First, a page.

Begin the Mai Tai Mixology
Once the simple syrup has been made, the rest of the recipe is as simple as “pour and shake”.
Pour the freshly squeezed lime juice into the biggest cocktail shaker you own. The day will never come when I suggest using bottled lime juice. This recipe is definitely not a “bottled lime juice” one. The zip and brightness of the lime juice is what cuts through the malty-caramel of the rum and simple syrup.
After you’ve juiced the limes, save two of the lime shells for later.
In lieu of orange juice, which, in my opinion, makes a mai tai too sweet, we add orange curaçao.
Dekuyper is my go-to brand. Since there’s more than one type of curaçao, pay close attention to what you’re picking up. I’ve made the mistake of grabbing blue curaçao and ended up with Smurf drinks. Even the blue curaçao tastes of orange, but it doesn’t fit the color scheme for our mai tai.
If you can’t get your hands on orange curaçao for some reason, use triple sec. Cointreau is a last resort if you can’t find either, but since it’s not a true curaçao- one made with lahara fruit from Curaçao- try for the first two. Avoid Grand Marnier altogether since that’s an orange brandy-based liqueur and not a sugar cane one.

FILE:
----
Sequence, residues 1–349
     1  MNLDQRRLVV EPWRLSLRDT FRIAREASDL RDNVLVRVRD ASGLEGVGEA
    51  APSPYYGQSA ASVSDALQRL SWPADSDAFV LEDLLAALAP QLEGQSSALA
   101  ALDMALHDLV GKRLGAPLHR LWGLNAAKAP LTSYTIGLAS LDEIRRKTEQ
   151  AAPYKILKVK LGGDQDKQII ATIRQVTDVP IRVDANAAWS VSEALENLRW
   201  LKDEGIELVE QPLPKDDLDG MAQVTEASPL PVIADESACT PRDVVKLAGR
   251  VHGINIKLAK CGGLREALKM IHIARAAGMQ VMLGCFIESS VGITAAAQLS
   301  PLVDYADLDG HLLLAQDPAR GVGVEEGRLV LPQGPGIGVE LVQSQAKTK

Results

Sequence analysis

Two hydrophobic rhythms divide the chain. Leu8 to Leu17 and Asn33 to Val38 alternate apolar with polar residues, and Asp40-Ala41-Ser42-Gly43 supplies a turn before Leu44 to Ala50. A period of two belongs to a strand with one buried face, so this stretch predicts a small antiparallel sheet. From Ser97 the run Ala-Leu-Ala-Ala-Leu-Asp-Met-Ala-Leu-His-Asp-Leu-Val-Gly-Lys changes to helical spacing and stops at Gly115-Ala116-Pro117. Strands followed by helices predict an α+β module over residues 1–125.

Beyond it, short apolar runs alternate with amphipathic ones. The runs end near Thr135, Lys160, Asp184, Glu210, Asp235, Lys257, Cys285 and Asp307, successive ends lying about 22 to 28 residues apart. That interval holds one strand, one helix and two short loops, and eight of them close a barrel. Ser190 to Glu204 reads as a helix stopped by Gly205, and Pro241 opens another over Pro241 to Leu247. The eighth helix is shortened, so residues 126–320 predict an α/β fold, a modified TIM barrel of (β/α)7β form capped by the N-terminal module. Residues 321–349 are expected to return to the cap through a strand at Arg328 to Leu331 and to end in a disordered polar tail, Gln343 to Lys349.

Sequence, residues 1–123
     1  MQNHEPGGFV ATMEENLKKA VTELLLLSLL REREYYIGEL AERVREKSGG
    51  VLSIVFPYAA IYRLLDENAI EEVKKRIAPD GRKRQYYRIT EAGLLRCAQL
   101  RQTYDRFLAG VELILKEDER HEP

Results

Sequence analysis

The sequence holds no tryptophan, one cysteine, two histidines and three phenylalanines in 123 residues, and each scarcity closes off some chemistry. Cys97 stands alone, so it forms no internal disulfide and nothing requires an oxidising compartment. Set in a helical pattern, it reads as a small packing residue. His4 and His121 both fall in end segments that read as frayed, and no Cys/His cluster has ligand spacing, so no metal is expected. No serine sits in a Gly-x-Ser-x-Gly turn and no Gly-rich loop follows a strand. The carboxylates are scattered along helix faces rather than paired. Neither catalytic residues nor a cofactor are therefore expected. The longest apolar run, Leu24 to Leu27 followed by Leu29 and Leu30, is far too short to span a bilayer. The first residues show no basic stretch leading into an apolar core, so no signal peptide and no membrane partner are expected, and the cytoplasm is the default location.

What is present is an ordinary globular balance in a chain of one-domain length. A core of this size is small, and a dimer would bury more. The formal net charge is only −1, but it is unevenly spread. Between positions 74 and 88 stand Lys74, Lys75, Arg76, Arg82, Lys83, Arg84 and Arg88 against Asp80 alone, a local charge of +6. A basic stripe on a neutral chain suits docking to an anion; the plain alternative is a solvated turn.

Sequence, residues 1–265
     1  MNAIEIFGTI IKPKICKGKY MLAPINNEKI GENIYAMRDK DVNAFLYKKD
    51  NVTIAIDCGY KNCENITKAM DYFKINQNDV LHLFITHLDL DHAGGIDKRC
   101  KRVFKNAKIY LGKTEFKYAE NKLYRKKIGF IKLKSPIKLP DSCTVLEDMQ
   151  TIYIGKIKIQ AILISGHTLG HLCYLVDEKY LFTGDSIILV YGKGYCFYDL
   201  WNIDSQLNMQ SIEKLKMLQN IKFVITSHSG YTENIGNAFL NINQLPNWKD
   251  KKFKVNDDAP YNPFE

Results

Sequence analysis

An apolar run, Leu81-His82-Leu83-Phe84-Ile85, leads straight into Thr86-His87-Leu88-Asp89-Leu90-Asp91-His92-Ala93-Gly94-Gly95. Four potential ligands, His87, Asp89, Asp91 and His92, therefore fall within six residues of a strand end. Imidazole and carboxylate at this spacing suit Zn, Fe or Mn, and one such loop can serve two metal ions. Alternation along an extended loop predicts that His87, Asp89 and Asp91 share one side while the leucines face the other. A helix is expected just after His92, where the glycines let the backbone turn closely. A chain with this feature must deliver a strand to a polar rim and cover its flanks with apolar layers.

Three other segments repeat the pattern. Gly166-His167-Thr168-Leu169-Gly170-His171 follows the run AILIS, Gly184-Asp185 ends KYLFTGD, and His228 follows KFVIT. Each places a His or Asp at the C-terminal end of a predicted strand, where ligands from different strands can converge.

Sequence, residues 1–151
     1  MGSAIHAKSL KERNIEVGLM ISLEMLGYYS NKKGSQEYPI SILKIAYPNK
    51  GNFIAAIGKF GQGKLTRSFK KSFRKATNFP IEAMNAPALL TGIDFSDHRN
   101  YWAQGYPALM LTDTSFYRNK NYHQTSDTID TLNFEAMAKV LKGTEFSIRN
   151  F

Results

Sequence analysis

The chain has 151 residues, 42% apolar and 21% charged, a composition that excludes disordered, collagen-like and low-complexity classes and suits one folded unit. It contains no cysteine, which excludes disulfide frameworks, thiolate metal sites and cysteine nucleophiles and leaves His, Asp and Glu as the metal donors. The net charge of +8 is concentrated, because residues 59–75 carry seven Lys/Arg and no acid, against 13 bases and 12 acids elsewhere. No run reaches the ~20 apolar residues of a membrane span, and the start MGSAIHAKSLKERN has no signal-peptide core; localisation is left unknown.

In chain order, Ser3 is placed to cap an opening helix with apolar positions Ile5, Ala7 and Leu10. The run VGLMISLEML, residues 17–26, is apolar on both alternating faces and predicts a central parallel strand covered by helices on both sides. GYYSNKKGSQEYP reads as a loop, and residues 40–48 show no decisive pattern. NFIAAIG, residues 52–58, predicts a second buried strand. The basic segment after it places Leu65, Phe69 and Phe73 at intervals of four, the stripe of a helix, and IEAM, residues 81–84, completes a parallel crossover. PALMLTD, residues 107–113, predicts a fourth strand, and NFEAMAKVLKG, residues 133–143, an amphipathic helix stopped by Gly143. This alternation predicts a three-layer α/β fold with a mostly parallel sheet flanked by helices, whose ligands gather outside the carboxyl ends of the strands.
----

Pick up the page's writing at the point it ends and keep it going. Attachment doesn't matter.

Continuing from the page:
Add the orange curaçao to the shaker.
Sweeten It Up
In addition to the raw sugar simple syrup, the mai tai is sweetened with orgeat. Orgeat (pronounced ohr-ZHAT) is a non-alcoholic, almond-flavored syrup sweetener used in most tiki drinks. Monin is the brand I use most often. Don’t overdo it on the orgeat- no matter how much you love its aroma. You can go from maita’i to “bleh” in a teaspoon with this stuff.
As an aside: When I can get my hands on it, I like to add a tablespoon of falernum- instead of orgeat- to my mai tais. Falernum (fa-LEHR-num) has more complexity of flavors with its vanilla, lime, and cloves, in addition to almond. Also called Velvet Falernum, it’s a pain in the butt to find in certain markets, but if you’re lucky enough to score a bottle, grab it.
Hell! Grab two!
On to the Backbone of this Mai Tai
Since we need to mimic that expensive-ass rum, we’re going to use both white and black Bacardi rums. In case this your first recipe with me, I’m Puerto Rican so I’m all about sticking to rum that I know. Jamaican or Cruzan rums are two other great options to use in this recipe, as well. There are even great Hawaiian rums on the market now!
However, for the average budget, you can’t go wrong with Bacardi Superior and Black.
Add the white rum (Superior) to the shaker.
And follow that with the Black rum. You can use Amber rum if you don’t have black on hand. The darker the better, though. It best mimics that charcoal-like, malty flavor of the super expensive rum.
Once everything has been added to the shaker, cap it, and shake vigorously. Yes, I realize we didn’t put ice in the cocktail shaker. There’s a method to my madness. Stay with me.
Chill with the Right Ice
Because cocktail shakers are only so big and because we’re going to need to dilute all this licka, I’m pouring the mai tai over ice.